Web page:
You are here

U.S. Post Office

-A A +A
1942, Louis A. Simon, Supervising Architect of the U.S. Treasury. 120 S. Rice St.

This one-story buff brick post office is organized with a tall central block with chamfered corners and recessed lower wings. The prominent hipped roof of the main block is a later addition. Window and door openings have no trim or accented frames, and the only hint of “style” is the segmental arch over the front door and the spread-winged eagle mounted on the door’s transom. Only proportion and crisp details convey the New Deal modernism. The post office contains the mural Texas Rangers in Camp (1942) painted by Ward Lockwood. The Hamilton Herald Record reported at the time: “Every Hamiltonian and Every Texan who’s ever read a book, seen a movie, or listened to the tales their grandfathers told can appreciate ‘Texas Rangers in Camp.’”

Writing Credits

Gerald Moorhead et al.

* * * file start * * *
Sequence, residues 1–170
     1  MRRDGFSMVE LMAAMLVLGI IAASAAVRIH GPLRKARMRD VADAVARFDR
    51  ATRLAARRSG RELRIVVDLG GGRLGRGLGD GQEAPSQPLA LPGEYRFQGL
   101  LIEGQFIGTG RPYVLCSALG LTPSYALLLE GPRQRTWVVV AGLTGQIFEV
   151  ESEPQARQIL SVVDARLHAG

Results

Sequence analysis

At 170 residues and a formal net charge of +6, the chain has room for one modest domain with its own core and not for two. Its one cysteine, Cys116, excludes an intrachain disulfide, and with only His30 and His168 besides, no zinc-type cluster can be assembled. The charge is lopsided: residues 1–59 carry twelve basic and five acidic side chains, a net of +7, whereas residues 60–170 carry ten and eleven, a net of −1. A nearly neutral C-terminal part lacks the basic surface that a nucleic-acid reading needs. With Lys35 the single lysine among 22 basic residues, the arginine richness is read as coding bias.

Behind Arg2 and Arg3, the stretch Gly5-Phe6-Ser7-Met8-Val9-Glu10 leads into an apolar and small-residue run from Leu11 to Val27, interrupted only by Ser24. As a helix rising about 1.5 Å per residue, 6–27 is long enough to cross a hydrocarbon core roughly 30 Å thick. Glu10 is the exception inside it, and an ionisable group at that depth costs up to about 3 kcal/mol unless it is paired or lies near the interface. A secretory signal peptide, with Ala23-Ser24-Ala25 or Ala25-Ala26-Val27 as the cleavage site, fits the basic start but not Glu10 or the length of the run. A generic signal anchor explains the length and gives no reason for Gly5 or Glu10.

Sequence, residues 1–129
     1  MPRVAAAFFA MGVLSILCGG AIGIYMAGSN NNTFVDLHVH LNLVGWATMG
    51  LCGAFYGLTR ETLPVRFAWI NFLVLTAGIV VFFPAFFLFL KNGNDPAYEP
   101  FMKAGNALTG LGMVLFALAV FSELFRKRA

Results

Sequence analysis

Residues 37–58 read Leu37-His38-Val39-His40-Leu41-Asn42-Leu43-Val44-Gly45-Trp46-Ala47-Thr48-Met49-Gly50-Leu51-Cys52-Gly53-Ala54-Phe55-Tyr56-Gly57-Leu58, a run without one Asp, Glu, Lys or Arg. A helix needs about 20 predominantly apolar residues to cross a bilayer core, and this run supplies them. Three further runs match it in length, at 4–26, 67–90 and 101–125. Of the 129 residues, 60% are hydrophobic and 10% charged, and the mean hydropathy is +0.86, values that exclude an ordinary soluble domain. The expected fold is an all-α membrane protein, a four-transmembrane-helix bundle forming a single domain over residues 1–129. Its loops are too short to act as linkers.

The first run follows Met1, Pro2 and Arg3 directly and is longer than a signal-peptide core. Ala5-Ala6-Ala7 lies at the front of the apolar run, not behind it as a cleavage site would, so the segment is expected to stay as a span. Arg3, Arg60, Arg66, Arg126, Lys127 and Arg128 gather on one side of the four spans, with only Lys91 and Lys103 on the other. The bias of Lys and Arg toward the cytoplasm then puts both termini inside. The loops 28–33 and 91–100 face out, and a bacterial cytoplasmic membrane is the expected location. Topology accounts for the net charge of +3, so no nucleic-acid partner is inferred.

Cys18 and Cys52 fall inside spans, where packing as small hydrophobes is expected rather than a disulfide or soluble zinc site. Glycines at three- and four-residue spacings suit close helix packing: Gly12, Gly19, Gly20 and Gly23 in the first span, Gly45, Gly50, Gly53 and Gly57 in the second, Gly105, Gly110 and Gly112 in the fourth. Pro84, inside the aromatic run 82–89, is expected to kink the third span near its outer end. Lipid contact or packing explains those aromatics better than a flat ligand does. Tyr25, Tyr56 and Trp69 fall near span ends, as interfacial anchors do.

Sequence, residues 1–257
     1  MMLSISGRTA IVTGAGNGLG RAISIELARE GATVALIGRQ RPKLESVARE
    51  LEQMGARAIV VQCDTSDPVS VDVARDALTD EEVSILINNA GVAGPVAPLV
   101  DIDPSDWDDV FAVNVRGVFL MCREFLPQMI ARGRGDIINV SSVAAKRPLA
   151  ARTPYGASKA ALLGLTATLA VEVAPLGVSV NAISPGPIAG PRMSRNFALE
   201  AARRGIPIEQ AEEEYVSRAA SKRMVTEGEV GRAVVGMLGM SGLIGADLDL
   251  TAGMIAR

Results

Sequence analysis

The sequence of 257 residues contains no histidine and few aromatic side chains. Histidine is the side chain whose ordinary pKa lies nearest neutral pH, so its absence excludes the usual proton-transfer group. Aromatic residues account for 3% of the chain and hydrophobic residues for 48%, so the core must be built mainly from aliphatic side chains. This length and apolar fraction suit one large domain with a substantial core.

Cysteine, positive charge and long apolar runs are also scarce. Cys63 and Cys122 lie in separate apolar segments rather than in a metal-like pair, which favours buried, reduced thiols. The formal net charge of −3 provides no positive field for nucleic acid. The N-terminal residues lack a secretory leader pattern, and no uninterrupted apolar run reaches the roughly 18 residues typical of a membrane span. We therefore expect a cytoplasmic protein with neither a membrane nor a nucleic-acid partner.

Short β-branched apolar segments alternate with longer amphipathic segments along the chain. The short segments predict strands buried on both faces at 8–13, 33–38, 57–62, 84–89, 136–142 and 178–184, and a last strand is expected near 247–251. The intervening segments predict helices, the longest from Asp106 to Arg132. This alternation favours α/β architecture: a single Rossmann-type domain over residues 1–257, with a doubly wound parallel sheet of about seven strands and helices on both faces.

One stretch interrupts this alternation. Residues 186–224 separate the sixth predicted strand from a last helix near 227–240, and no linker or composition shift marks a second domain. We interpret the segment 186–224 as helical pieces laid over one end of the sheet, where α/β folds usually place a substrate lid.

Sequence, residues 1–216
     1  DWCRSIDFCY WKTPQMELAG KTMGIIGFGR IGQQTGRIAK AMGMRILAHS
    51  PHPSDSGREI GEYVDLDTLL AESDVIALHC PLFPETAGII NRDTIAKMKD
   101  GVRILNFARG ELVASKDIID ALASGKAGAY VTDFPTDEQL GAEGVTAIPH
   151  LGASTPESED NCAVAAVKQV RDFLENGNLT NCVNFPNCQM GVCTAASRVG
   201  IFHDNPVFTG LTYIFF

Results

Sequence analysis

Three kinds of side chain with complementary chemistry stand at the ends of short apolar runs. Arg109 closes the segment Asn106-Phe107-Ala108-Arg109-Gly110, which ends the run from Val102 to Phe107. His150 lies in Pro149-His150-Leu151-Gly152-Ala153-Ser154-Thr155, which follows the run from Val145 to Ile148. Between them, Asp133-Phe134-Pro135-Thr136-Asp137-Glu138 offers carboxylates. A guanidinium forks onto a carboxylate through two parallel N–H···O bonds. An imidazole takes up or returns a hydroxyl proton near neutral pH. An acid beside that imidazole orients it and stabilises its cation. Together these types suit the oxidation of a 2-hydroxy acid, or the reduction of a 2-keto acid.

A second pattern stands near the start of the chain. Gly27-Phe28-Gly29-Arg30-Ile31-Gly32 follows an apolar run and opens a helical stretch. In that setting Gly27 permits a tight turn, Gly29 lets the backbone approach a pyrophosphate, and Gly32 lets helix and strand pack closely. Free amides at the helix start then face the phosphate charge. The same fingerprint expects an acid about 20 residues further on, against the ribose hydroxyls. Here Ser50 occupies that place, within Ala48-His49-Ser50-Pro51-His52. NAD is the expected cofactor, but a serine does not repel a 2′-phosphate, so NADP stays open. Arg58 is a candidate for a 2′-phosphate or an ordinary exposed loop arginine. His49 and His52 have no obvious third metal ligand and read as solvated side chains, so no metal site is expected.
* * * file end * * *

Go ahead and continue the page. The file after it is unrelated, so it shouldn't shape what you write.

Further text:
What's Nearby


Gerald Moorhead et al., "U.S. Post Office", [Hamilton, Texas], SAH Archipedia, eds. Gabrielle Esperdy and Karen Kingsley, Charlottesville: UVaP, 2012—,

Print Source

Buildings of Texas

Buildings of Texas: East, North Central, Panhandle and South Plains, and West, Gerald Moorhead and contributors. Charlottesville: University of Virginia Press, 2019, 262-262.

If SAH Archipedia has been useful to you, please consider supporting it.

SAH Archipedia tells the story of the United States through its buildings, landscapes, and cities. This freely available resource empowers the public with authoritative knowledge that deepens their understanding and appreciation of the built environment. But the Society of Architectural Historians, which created SAH Archipedia with University of Virginia Press, needs your support to maintain the high-caliber research, writing, photography, cartography, editing, design, and programming that make SAH Archipedia a trusted online resource available to all who value the history of place, heritage tourism, and learning.